Local News


CONTACT 13: Hardest Hit Fund not getting to those hardest hit

Posted at 6:00 PM, Jan 11, 2017

Nevada's Hardest Hit Fund is supposed to be a temporary safety net to help people save their homes. 

But the fund is under fire once again as part of a nationwide report showing how those who needed help the most were often denied.

Nevada was among the hardest hit states during the recession and financial crisis. We got millions of federal tax dollars to help those facing foreclosure. 

And though many people did get help, a newly released government audit questions whether the program is truly effective in reaching those who were hardest hit.

This just-released auditby the Special Inspector General for the Troubled Asset Relief Program (SIGTARP) shows Hardest Hit Funds have been slow to flow. 

Most of those who sought help but were turned away are folks who earned less than $30,000, and 1,293 of them were Nevada homeowners. 

But according to the audit, the data our state provided was old -- from 2015 -- so there may, in fact, be even more low-income Nevadans who were turned down.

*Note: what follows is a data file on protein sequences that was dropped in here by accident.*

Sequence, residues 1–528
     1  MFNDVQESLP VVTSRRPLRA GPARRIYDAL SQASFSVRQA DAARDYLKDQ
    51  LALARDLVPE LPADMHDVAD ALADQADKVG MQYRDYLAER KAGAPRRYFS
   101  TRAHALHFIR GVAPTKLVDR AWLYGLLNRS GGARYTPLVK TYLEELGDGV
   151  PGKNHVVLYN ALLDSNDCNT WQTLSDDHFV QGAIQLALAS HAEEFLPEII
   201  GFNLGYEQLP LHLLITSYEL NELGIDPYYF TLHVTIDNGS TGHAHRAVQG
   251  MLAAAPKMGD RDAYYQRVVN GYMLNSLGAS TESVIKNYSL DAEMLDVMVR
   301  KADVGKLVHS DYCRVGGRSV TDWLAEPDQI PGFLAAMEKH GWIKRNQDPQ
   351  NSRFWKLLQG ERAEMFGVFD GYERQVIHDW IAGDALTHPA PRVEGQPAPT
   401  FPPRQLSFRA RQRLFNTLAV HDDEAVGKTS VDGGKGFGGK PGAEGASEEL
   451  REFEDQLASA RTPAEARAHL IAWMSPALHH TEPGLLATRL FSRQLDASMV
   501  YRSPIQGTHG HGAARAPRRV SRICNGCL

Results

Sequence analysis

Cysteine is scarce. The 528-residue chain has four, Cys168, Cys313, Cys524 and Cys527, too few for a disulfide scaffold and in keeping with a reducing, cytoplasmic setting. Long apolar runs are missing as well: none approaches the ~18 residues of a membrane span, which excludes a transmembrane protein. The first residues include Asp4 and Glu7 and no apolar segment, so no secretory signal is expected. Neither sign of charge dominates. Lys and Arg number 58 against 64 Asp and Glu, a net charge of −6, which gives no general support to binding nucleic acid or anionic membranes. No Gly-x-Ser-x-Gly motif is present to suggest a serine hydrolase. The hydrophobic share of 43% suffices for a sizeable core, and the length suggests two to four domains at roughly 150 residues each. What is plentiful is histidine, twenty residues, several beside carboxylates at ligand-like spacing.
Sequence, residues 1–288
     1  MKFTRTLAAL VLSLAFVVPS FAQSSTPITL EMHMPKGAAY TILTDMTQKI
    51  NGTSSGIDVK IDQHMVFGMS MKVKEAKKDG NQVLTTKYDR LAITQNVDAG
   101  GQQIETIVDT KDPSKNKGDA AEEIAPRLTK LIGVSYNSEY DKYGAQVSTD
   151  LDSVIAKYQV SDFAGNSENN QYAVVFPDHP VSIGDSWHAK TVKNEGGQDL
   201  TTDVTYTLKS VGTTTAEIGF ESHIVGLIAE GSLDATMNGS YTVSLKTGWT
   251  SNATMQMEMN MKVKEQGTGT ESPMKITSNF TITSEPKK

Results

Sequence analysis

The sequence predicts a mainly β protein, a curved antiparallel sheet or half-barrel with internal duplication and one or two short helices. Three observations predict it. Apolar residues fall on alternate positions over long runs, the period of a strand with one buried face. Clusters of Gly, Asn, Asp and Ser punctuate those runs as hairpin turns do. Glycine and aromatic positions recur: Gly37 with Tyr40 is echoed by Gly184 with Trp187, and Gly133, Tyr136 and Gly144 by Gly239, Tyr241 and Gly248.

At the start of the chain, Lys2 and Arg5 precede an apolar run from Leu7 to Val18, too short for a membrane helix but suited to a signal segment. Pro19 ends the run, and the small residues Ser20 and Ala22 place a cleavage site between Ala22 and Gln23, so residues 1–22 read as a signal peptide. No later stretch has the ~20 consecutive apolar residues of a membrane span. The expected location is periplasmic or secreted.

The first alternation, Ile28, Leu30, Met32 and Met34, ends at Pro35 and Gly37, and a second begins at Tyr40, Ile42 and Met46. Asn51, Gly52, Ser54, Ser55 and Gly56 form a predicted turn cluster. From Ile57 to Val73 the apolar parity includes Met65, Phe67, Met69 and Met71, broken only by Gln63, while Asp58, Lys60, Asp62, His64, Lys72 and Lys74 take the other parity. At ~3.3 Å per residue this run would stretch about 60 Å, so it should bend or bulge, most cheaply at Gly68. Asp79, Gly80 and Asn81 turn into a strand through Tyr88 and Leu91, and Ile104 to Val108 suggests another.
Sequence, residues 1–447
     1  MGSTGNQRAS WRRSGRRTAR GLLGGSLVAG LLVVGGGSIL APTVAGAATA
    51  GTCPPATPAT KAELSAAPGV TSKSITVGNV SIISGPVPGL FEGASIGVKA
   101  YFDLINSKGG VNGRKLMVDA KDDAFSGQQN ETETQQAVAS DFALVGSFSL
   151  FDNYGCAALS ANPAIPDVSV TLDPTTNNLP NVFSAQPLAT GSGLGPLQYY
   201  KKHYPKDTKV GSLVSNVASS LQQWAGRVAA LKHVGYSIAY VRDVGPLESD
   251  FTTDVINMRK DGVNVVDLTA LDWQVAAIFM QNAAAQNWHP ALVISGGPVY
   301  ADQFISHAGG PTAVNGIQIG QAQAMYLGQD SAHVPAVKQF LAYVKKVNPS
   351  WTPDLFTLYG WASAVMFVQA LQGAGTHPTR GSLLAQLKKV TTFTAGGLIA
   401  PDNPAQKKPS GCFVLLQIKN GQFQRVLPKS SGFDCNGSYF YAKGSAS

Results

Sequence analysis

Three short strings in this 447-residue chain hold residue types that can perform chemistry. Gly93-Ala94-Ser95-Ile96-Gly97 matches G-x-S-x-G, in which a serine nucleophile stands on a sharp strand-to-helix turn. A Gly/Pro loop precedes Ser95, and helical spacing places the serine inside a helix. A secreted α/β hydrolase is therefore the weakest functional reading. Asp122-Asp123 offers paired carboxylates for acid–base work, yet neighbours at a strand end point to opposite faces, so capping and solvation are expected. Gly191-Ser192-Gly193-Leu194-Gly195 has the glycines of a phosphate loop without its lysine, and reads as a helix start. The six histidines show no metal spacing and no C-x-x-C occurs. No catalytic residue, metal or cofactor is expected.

Hairdresser Cheryl Barber was denied Hardest Hit Fund help.

"I jumped through all the hoops," she told Contact 13 in September.

SIGTARP says insufficient records from most states made it hard to determine why people were denied. But the agency believes it's an easy fix. 

The audit recommends getting rid of unnecessary eligibility criteria and allowing workers facing layoffs to qualify for help before they fall behind on their mortgage.

You may remember this isn't the first time Nevada's Hardest Hit Fund has come under fire. 

In September, Contact 13 reported on another SIGTARP audit which found widespread fraud, waste and abuse by the Nevada Affordable Housing Assistance Corporation. That's the company that administers the Hardest Hit Fund.

Auditors found money meant for homeowners was spent on things like baby shower gifts for coworkers and staff parties.

As of our September report, there were still $85 million left in Nevada's Hardest Hit Fund and four years to get it all out to homeowners in need. 

NAHAC says any homeowner who was rejected in the past can have their file reopened.